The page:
When it comes to reviewing cameras, I love reviewing the cameras that have impacted photography or are relatively cool and unique. And this camera is one that I have referenced a couple of times in the past as being part of a significant stepping stone in Canon’s journey towards an autofocus camera. While autofocus first hit the markets in point-and-shoot cameras, building an AF system for an all-in-one camera is easy; putting it in an interchangeable lens SLR is another ballgame. When Minolta jumped right in with the A-Mount, Canon took a more cautious approach even before Minolta launched the Alphas. The AL-1 was a stepping stone to building an autofocus system without making an autofocus camera. The Canon AL-1, a part of the popular A-Series, featured a quick-focus system that helped photographers know when their image was in focus. But that’s not all that set the AL-1 apart from the main body of the A-Series. Thanks to Ray Rheubottom for donating this camera for reviewing.
Type: Single Lens Reflex
Format: 135 (35mm), 24x36mm
Lens: Interchangeable, Canon FD-Mount
Shutter: Cloth Focal Plane Shutter, Electronic (Stepless): 2s – 1/1000s, Manual: 1/15s – 1/1000s + Bulb
Meter: Center-Weighted SPC TTL Metering, EV3.5 ~ EV18, ASA-25 – ASA-1600
Autofocus: 3x CCD TTL Focus Assist
Dimensions (WxHxD): 142.1×86.5×47.6mm
Weight: 490g (w/o batteries)
Power Source: 2x AAA Batteries
Year of Manufacture: 1982 – 1985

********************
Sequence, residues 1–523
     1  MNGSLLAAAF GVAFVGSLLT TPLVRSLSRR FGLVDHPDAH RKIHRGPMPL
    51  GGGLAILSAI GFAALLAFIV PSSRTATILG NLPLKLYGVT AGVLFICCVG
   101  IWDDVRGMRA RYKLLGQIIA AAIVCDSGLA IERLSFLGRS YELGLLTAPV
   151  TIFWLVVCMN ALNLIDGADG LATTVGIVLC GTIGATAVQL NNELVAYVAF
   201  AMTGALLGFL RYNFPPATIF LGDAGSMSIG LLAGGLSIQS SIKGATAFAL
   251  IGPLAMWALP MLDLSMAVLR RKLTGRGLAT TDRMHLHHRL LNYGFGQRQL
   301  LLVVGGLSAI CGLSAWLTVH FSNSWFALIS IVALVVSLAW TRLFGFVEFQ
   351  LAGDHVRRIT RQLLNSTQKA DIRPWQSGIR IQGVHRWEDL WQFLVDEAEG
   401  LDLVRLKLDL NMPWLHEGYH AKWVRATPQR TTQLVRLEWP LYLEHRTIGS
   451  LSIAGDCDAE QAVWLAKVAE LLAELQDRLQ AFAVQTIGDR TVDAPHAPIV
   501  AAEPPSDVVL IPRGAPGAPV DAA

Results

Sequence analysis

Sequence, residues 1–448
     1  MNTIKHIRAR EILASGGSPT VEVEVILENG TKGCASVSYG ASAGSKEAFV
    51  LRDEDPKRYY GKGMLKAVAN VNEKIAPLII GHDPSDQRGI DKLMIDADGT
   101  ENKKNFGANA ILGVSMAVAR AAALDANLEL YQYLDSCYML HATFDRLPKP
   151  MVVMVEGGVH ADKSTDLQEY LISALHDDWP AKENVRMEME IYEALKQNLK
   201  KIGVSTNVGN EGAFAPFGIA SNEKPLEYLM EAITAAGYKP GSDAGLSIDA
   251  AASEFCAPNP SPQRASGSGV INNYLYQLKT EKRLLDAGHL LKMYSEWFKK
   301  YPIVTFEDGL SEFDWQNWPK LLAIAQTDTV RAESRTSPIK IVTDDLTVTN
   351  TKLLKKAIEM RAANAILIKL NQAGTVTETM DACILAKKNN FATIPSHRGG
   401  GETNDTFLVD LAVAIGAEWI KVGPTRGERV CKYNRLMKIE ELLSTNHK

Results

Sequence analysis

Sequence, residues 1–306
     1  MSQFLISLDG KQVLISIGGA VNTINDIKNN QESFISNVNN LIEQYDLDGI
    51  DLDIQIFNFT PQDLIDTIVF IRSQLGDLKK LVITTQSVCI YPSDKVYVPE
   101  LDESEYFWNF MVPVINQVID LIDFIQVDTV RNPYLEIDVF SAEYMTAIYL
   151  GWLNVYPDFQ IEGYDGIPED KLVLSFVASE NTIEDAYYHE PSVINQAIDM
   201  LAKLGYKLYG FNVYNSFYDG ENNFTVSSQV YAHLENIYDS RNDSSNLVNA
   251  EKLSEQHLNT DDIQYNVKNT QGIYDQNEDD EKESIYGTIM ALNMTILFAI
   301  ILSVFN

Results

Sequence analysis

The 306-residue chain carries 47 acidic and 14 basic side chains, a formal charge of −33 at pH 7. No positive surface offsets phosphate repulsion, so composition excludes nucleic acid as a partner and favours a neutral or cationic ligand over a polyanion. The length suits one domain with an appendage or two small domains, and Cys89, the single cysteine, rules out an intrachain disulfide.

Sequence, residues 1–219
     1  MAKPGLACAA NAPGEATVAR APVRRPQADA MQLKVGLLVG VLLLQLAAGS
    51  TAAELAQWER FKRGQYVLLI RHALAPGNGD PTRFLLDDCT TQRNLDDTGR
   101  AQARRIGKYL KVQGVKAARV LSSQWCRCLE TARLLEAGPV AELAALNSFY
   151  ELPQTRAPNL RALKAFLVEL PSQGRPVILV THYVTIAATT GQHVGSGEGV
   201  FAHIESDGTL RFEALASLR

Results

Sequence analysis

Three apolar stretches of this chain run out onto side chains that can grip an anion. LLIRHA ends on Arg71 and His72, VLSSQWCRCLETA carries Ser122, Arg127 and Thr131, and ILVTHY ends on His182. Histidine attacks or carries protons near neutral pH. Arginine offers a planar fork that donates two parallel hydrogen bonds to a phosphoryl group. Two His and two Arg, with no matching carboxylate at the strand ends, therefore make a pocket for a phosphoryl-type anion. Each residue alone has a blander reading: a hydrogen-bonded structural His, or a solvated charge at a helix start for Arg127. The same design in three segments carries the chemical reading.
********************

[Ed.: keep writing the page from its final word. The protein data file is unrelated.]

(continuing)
In 1933 Yoshida Goro and Uchida Saboro planned to produce a Japanese clone of the Leitz Leica II, naming their new company Seiki Kogaku; they purchased a Leica II, disassembled, studied and built one different enough to avoid legal woes and in 1935 released the Hansa Canon or Canon. The Canon was an M39-based rangefinder that initially used Nikkor lenses, but after 1937 Seiki began to produce lenses in-house. While Seiki remained a smaller camera producer, the fact they escaped the war with minimal damage to their manufacturing base meant that they could ramp up production. The post-war cameras coming from Seiki were greatly improved in quality over the pre-war models, and they quickly gained a strong reputation among domestic, foreign and occupation markets. Seiki would rebrand itself to Canon Camera Co in 1947. By the mid-century, the popularity of SLRs began to rise, and the release of the Nikon F in 1959 made Canon release their own SLR, the Canonflex. The Canonflex share many similar features to the Nikon F, with an interchangeable prism, lenses (R-Mount), and other accessories. The Nikon F would get all the attention of professionals; the need for more marketing and the complex design of the Canonflex would push it into a secondary role despite having some unique and original features found only in the Canonflex. The designers took things back to the drawing board and, in 1964, released the much improved Canon FX. The FX featured a more traditional design and simplified internal workings. It also used a new version of the R-Mount; while still a breach-lock system, the FL-Mount used a much easier-to-operate interlink with the camera and could allow TTL open-aperture metering. That feature was first found in 1965’s Canon Pellix. The Pellix also featured a pellicle mirror, unlike a traditional SLR, which uses a reflex mirror; a pellicle mirror allowed a majority of the light through to the film while a minority bounced up into the viewfinder. The pellicle mirror would end up being a dead-end technology, TTL metering would stay, and with the next update in the Canon break lock, the FD-Mount would arrive in 1970 with the first professional SLR, the F-1.